When you are looking for an academic job it is hard to imagine that you could get one and be unhappy, even miserable. And yet, I’ve met unhappy academics. Sometimes you’re just overwhelmed. It seems like there is so much to do that there will never be enough hours in the day to do it. You try, though, and end up exhausted. Sometimes the thing that really attracted you to an academic career seems to be a very small proportion of the job. Or, the parts of an academic career that you really value and where you feel you can make your best contribution do not seem to be valued by the institution or your colleagues.
The job you have and the job you want
An academic career incorporates a wide range of activities and uses a lot of different skills. Even those who love it, and are successful, love different things about it, or excel at different aspects. It is important to determine what is important to you. Your actual job may never match your ideal exactly, but knowing what your ideal looks like enables you to choose better compromises.
What is it that attracts you to an academic career?
When you look at what’s happening in higher education today, what really makes you angry or upset?
What aspects of your research energize you? What aspects drain you?
Think of an example of a teaching experience that felt really good. What were the characteristics of that class? What seemed to contribute to the positive feelings?
Do the same for one that felt negative. What was that class like? What made you feel like it hadn’t worked.
What kinds of service or administrative tasks have you found frustrating, or have made you feel incompetent, or seemed to take a lot of time and energy? Be specific about the nature of the task, not just the title. Was it the task itself? The people you had to work with? Something else?
Similarly, have you ever had service or administrative tasks that felt relatively easy, where you felt like you were making a valued contribution, and where the time and energy taken seemed appropriate? What were they like? Again, was it something about the type of task or the people you worked with?
You have choices within the job you have
You can shape your research program to play to your strengths and find collaborators or research assistants or administrative assistants to complement your skills. Just because you don’t like a particular task, doesn’t mean no one does.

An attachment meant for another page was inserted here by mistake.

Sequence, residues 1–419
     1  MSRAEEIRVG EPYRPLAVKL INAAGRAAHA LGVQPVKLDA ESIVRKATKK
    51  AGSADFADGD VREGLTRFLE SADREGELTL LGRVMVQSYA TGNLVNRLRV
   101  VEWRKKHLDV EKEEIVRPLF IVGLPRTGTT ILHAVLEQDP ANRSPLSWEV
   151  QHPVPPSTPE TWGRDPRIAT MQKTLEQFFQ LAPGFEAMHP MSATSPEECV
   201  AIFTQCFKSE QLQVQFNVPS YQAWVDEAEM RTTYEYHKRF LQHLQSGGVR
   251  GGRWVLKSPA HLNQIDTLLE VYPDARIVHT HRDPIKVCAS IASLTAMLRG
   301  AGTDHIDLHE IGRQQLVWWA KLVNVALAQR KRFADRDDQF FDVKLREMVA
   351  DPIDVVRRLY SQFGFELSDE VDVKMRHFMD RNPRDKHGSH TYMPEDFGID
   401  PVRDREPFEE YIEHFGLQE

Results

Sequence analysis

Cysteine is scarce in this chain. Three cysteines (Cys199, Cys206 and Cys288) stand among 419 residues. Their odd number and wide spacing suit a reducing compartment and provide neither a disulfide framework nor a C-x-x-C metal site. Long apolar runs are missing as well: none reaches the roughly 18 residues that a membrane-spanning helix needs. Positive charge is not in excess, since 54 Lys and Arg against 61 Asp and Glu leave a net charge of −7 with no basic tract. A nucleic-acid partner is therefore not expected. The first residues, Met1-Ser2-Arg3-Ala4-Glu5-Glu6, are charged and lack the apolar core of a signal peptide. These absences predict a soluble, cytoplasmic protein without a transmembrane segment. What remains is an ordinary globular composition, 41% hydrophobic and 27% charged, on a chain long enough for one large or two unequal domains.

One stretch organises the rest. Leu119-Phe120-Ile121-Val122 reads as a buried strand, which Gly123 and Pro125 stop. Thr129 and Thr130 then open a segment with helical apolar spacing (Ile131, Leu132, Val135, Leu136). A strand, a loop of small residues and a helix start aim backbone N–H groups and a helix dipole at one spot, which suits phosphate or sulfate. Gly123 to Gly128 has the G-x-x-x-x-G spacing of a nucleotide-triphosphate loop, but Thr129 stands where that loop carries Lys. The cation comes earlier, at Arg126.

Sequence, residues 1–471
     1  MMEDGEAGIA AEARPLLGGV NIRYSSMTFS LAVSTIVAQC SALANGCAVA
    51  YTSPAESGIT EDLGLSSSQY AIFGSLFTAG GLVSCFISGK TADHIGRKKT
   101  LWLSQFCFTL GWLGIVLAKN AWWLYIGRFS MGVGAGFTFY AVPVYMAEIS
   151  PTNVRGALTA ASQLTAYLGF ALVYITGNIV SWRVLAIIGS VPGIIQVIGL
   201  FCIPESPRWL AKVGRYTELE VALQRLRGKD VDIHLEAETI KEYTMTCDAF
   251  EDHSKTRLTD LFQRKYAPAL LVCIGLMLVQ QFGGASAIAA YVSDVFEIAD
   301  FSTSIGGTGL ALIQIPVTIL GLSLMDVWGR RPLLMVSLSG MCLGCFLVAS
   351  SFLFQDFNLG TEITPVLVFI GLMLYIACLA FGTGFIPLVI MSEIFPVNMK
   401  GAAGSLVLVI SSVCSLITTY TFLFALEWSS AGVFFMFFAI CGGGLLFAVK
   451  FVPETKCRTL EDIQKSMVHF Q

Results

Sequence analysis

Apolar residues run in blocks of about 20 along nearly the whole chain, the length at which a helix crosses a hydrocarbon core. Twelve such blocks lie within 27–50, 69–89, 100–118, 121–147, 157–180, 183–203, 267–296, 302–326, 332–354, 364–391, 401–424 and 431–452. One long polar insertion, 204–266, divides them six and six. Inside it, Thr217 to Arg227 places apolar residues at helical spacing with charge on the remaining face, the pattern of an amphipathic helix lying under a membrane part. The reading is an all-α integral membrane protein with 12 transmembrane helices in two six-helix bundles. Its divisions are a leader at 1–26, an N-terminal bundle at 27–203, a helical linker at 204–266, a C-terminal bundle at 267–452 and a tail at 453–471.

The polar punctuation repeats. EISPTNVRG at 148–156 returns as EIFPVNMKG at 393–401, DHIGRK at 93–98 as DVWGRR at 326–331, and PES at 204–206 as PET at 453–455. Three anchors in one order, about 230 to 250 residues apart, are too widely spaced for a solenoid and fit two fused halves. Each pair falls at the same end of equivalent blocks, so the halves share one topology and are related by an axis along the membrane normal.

You may have some flexibility about teaching, too. The balance between large and small groups in your overall teaching load, for example. Or the problem might be that you don’t know how to approach a particular teaching situation. Most of us haven’t been trained in teaching. We draw on our own experience, which is limited. The Learning and Teaching Centre at your institution may offer workshops or one-on-one help that could make a big difference to how much time and energy teaching is taking.
You definitely have choices about service and administration tasks. You have to do your share, but you can focus on tasks where you make your best contribution. Identify what you are good at and what skills or networks you would like to develop and use those as a baseline for responding to particular requests. You could even proactively seek out tasks that are a better fit for your skills.
Sometimes, the thing that is making you miserable can’t be changed in your current institution. Then you have to make some big decisions about changing jobs (should something more appropriate come up) or even leaving academia altogether.
Before you get there, take a good hard look at what you can change. And don’t make too many assumptions. Start with the questions above. Find a notebook. Make yourself a cup of tea. Sit in a comfy chair and really think about them. Identify what you are already doing that’s in line with your vision. Maybe identify one thing that you could tweak to make it better aligned. Or, one thing you can add to make your work better aligned with your vision.
If there is something that is really out of alignment with your vision for your ideal academic job, can you either stop doing it or change how you do it to make it align better? Assess the risks to determine whether they are worth taking and what steps are within your range of acceptable risk.
You don’t have to do this alone
Change is hard. It is even harder if you are feeling burnt out or overwhelmed. Even habits you don’t like and know aren’t productive can be hard to change. There may be real risks involved and it can be hard to assess the risks. You may have support available but you may need to work some things out first so that you can make good use of it without risking your reputation.
I can help you get clearer about what’s important to you, figure out how to get more of that in your current situation, work out what support you already have available and how to make good use of it, and get you pointed in the right direction. I call that service Wayfinding because there isn’t always a clear map but I can help you learn how to read the signs to make your way.
I also offer ongoing coaching to help you make the changes you want to make and set off with the support you need to establish this new direction and stick to your vision in the face of resistance and obstacles. I call this service Guide for the Journey.
Where does confidence come from? Part 1: meaningfulness, Part 2 (security) and Part 3 (support) are linked in this post.
An earlier version of this post was published 31 January 2011. It has been edited and updated.